4.2 Metrical distribution, volume, and blank selection

From a metrical point of view, there are several notable characteristics in the studied assemblage. There are clear differences in the dimensional measurements according to tool typology. Thus, bifacial choppers are the group with the smallest dimensions (Figure 12, Supplementary Tables S6–S8), both in terms of technical length and width, as well as in terms of volume (Supplementary Table S10). Also, they have a greater thickness compared to most of those tools, apart from the picks (Supplementary Table S9).


FIGURE 12. Scatter plot comparing (A) length and width by category and (B) length and thickness by category.

On the opposite side, we find the picks and cleavers, with generally larger technical dimensions, with central values (mean and medians) approximately 150 mm in length and 90 and 117 mm in width, respectively (Supplementary Tables S6, S7). The picks present a generally larger remaining volume than the rest of the tools (Figure 13, Supplementary Table S10). These differences are statistically significant in the central values (K-W = 11.18, df = 5, p = 0.047), although the p-value is very close to 0.05. However, these differences are also noticeable after calculating the elongation index (EI = technical length/technical width, Supplementary Table S9). Therefore, a very marked allometric pattern can be observed between the picks and the rest of the tools, with the picks being relatively longer than wide (Figure 12A). Meanwhile, the two large flakes present larger dimensions in technical width than in length, which explains the very low EI values, although they present similarities with the picks in terms of size or volume.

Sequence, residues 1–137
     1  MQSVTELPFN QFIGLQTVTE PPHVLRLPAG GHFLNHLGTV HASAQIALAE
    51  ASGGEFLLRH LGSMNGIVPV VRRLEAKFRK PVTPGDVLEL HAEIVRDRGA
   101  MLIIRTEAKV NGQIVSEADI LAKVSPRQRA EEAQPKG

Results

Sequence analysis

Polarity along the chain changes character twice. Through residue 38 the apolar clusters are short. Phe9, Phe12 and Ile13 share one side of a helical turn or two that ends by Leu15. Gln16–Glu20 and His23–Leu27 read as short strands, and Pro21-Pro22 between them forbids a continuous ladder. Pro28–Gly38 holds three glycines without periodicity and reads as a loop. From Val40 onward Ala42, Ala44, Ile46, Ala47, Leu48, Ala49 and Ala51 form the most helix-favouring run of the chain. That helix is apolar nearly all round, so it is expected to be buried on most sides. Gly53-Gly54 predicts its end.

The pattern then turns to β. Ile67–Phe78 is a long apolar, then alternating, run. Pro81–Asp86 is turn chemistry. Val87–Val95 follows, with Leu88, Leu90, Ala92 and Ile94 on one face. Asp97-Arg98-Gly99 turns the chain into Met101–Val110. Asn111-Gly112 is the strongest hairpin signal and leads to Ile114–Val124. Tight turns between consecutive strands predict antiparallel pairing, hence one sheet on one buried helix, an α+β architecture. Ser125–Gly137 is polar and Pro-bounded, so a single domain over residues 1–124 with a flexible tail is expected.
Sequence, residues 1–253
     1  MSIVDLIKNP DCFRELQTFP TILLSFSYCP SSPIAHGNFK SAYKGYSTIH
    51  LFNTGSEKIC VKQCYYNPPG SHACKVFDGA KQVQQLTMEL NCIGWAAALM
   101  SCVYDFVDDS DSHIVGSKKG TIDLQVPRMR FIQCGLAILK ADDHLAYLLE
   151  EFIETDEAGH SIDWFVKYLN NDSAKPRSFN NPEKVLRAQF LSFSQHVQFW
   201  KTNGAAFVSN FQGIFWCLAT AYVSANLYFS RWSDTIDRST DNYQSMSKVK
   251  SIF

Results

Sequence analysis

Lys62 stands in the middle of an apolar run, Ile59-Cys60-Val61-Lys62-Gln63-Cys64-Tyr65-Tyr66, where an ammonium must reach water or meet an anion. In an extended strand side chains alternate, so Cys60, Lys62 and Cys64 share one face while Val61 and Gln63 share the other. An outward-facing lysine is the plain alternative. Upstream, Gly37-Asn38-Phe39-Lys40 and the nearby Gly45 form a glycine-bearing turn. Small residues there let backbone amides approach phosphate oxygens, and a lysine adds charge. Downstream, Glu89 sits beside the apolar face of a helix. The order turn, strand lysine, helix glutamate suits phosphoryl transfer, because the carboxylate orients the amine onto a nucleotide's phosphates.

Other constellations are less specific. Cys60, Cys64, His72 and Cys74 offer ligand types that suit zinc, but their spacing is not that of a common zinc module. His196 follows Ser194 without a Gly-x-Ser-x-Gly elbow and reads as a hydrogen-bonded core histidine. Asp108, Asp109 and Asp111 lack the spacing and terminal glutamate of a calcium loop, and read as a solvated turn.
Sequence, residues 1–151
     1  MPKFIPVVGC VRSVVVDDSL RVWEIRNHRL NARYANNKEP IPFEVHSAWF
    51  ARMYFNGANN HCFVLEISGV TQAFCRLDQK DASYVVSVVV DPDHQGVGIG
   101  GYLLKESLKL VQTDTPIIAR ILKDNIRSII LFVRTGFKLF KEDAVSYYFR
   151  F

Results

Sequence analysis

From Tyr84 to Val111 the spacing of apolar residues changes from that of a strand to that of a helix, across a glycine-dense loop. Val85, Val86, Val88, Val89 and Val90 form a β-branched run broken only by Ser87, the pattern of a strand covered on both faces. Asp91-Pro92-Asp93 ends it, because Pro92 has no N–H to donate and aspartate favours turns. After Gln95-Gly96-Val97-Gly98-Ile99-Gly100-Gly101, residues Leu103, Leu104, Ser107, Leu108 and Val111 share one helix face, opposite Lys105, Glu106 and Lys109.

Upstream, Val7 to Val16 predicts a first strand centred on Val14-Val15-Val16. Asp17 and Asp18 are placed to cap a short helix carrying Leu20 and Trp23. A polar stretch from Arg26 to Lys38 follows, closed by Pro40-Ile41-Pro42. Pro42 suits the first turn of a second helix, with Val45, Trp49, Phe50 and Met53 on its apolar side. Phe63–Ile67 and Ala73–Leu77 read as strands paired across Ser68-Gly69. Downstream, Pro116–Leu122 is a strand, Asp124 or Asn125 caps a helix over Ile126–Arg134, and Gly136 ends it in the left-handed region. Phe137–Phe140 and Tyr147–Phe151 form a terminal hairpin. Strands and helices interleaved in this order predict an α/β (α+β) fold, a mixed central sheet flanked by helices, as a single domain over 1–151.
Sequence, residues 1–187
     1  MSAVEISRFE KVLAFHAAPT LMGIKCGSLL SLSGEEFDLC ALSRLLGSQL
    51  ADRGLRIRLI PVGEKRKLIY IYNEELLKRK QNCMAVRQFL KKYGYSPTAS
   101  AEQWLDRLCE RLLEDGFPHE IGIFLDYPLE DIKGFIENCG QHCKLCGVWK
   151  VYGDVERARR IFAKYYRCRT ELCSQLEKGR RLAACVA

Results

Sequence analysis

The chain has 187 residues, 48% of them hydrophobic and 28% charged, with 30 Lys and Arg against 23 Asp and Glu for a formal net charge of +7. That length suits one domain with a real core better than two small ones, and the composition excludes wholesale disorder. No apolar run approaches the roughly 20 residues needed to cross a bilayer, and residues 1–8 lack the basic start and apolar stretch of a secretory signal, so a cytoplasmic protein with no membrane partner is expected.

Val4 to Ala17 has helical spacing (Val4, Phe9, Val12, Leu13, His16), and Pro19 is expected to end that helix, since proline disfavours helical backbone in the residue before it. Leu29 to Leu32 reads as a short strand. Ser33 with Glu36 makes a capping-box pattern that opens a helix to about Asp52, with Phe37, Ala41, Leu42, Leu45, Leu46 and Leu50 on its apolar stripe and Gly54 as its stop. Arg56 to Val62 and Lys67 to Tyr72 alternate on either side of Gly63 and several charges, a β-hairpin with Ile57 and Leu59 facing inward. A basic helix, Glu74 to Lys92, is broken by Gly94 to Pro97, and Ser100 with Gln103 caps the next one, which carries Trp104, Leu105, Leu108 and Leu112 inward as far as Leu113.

FIGURE 13. Boxplot comparing (A) elongation index (Length/Width) and (B) volume (cm3) according to type. The red squares show the mean value for each type.

Considering the large amount of preserved cortical surface and the generally restricted shaping in specific sectors of the large shaped tools, these morphometric differences provide valuable information about the blank selection strategies of the hominins from Barranc de la Boella. To produce bifacial choppers (chopping tools), blanks with an oval-ellipsoidal morphology were selected. In some cases, these artifacts bore impacts and battered marks, indicating their previous or subsequent use as hammerstones. In addition, a remarkable feature of these chopping tools is that several raw materials are used, generally marginal within the assemblage, such as limestone, quartzite, and porphyry. This is unlike most of the large shaped tools made in different varieties of schist. Considering the toughness, morphology, and size of these materials, managing these blanks volumetrically through knapping is not easy. In this sense, the development of alternate and/or alternating methods demonstrates a great capability on the part of these hominins to overcome the restrictions of the raw material.

The unifacial choppers exhibit great variability in both dimensions and volume, as well as in the EI. No apparent pattern is discernible in terms of morphology and size of the blank.